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Licensing Act

28 April 2005
Licensing Act

The Licensing Act 2003 received the Royal Assent in July 2003. After much delay it will become fully implemented on "the second appointed day". This has yet to be fixed by the Government but is expected to be in November 2005.

Under the Act responsibility for all licensing will be transferred to Local Authorities. Magistrates will only be involved to deal with appeals from Local Authority decisions. Each Local Authority must have its own policy as to how it will deal with licence applications and in future all licence applications have to be looked at against the four licensing criteria which are:

• the prevention of crime and disorder
• public safety
• the prevention of public nuisance
• the protection of children from harm

There will only be two types of licence; a premises licence and a personal licence.

A premises licence will authorise any number of licensable activities at a particular premises. So for example instead of needing a separate licence for the sale of alcohol and providing public entertainment, premises will now simply have one licence that authorises any licensable activities. The premises licence will be held by the individual or company carrying on the business.

Where, however, the licence includes the sale of alcohol, one individual will need to be nominated as the "designated premises supervisor". Permitted hours for the sale of alcohol are abolished so in theory any premises can stay open and sell alcohol 24 hours a day, but in practice this is unlikely.

Each premises will have to produce an "operating schedule" which will include its operating hours, the activities it is licensed for, and the measures it will take to achieve the licensing objectives. If there are breaches of the licence then the holder of the premises licence and/or the designated premises supervisor may be prosecuted.

A personal licence entitles an individual to sell or authorise the sale of alcohol. The person who is designated as the premises supervisor must hold a personal licence, but in practice operators will probably need more than one personal licence holder and would be well advised to have one such person on the premises at all times when alcohol is being sold.

Carrying on licensable activities without a premises licence or in breach of the same carries a maximum fine of up to £20,000 or six months imprisonment.

All premises with existing licences will have to convert them to a new premises licence during the transitional conversion period which started on the 7th February and ends on the 6th August 2005. Licences that were in existence on the 7th February have "grandfather rights", and provided a valid application for conversion is made during the transitional period, the applicant is entitled to a premises licence on exactly the same terms and conditions as the existing licence(s) including hours of operation.

For example, a public house is entitled to a new premises licence authorising them to sell alcohol up to 11pm Monday to Saturday. At the same time as converting, however, they can ask for their licence to be varied if, for example, they wanted to extend the hours for sale of alcohol beyond 11pm. Under the new scheme certain things which do not currently need a licence will require licensing.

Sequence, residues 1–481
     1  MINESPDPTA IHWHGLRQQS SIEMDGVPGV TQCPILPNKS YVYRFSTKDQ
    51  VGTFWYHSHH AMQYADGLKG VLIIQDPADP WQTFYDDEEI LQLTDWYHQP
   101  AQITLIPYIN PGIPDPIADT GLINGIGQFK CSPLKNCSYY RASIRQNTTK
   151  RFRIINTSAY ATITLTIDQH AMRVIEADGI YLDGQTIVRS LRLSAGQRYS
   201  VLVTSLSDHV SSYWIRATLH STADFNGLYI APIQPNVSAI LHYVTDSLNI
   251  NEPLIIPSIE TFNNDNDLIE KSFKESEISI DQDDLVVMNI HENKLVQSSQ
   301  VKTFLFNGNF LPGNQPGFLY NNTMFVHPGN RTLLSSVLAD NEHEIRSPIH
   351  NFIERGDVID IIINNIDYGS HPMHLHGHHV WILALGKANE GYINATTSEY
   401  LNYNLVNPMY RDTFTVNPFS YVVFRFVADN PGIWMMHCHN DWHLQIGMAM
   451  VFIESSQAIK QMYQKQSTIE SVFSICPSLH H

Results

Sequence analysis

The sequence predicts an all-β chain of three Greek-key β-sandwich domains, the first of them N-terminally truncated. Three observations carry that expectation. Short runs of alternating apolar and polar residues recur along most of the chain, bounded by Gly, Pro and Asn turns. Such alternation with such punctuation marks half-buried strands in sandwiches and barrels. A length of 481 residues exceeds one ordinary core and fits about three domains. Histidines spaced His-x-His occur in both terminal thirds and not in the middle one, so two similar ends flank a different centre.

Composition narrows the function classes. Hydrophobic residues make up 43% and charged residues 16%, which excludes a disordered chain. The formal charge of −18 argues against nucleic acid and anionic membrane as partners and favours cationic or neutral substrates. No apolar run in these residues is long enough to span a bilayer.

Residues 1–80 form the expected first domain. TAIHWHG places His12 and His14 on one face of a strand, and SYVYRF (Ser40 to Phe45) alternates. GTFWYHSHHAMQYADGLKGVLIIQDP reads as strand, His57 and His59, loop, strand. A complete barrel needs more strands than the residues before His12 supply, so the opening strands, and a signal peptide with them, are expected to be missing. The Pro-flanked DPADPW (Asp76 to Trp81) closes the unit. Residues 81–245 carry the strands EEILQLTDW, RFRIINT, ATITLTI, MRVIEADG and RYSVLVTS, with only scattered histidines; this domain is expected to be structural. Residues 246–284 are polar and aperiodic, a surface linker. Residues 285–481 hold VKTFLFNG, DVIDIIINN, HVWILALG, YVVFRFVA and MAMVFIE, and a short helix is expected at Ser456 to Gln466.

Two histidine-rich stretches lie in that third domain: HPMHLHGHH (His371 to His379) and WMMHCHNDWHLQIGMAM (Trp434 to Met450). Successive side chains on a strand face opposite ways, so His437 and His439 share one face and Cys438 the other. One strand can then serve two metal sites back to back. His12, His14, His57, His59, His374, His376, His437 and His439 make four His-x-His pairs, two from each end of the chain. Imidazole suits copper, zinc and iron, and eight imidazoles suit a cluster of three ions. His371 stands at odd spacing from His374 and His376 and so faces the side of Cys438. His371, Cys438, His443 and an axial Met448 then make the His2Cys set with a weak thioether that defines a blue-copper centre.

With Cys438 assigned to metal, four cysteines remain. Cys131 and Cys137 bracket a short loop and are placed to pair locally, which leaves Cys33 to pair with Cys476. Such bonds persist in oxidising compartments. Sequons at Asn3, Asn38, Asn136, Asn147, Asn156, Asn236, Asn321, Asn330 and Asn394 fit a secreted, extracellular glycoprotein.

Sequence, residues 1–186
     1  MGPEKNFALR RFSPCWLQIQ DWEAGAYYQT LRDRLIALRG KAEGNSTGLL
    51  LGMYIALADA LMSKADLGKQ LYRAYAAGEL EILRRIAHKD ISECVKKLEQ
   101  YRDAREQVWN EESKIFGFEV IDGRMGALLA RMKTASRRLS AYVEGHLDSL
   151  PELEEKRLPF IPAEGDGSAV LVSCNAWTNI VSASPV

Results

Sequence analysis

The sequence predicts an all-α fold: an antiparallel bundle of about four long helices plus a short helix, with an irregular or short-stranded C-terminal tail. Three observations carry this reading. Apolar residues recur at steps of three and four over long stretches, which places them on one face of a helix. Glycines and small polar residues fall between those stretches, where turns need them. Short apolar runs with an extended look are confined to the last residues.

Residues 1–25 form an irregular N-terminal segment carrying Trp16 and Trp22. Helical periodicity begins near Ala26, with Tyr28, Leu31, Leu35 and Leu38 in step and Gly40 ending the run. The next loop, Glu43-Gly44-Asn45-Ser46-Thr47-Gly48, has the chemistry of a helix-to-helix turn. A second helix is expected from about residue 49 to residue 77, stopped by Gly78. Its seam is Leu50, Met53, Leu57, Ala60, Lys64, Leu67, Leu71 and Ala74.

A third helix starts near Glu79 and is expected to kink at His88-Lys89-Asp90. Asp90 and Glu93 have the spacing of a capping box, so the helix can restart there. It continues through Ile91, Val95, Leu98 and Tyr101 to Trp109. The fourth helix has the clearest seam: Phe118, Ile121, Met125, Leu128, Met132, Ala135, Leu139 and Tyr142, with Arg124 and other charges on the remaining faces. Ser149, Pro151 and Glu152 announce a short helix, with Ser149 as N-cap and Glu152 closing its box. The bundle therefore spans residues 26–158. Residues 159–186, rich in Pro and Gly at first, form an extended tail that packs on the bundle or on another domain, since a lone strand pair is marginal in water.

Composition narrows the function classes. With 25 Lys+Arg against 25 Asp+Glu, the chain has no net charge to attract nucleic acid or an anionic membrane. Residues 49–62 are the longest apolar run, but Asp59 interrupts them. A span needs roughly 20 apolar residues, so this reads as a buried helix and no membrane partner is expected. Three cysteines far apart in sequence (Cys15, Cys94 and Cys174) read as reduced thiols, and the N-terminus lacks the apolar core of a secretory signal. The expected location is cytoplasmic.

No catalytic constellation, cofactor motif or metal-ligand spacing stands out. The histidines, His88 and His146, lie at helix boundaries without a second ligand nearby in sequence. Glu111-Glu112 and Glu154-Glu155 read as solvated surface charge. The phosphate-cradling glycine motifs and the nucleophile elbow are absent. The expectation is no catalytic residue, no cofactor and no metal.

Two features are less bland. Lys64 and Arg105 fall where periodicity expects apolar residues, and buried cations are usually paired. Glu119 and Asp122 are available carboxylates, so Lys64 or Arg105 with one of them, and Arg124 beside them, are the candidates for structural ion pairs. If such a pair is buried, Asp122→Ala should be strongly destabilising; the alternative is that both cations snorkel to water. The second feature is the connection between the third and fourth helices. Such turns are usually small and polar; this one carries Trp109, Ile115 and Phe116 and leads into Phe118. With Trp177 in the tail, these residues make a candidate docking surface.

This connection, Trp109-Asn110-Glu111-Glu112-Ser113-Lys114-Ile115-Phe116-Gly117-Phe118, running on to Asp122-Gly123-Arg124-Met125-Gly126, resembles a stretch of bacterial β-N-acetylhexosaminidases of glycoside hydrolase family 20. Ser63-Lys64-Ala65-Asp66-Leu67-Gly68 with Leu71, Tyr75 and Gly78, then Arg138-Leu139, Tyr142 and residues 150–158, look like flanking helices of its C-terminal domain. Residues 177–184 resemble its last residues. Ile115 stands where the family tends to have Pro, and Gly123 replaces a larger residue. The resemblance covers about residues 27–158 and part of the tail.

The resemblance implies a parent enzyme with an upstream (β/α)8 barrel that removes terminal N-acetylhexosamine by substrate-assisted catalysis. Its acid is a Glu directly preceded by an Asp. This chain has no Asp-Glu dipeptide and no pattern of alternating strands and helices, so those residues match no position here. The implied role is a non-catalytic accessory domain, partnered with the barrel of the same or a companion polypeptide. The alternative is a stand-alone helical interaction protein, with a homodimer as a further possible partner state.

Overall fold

These include serving hot food between 11pm and 5am the following day, live music by not more than two performers and discos at certain private functions. In practice then most premises will probably need to consider a variation rather than a straight conversion.

Similarly all those individuals who currently hold Justices' Licences are entitled to a personal licence provided they lodge their application prior to the 6th August, subject only to a very limited right of the police to object.

The process of applying for conversion and variation of existing licences was supposed to be straight forward. However the Government did not publish the forms until the last minute and then actually changed them after 7th February. The application forms are complicated, lengthy and are supposed to form the basis of "an operating schedule". In practice these forms are proving to be very difficult and ill thought out. The guidance notes are virtually non-existent and no guidance has been issued by the Department for Culture, Media and Sport on its web site.

Some Local Authorities are already raising technical points and sending applications back. Where variations of licences are sought the form and procedure is even more difficult and applications also have to be advertised in the press and on the premises. Premises such as hotels, cinemas and night-clubs which carry on multiple activities over long hours are particularly complicated, but getting the right operating schedule is vital for the continued conduct of the business.

New premises licences will be issued between now and the "second appointed day". On the second appointed day all new premises and personal licences granted under the Act will come into force and all existing licences will cease to have effect. Anyone who has not sorted out their new licences by that date will be unable to trade. It is vitally important therefore that applications are lodged prior to August 6th.

Martin Cowell is a licensing consultant at DLA Piper Rudnick Gray Cary UK LLP.
martin.cowell@dlapiper.com

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